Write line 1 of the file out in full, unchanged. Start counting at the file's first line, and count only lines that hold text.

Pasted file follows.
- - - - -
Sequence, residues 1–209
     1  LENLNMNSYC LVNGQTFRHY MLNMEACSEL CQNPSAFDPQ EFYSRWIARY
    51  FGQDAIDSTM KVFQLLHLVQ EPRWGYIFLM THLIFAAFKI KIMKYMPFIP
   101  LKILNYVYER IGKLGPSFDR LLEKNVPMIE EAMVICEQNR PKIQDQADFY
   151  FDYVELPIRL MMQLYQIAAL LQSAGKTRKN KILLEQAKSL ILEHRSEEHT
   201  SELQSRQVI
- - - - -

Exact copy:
Sequence, residues 1–209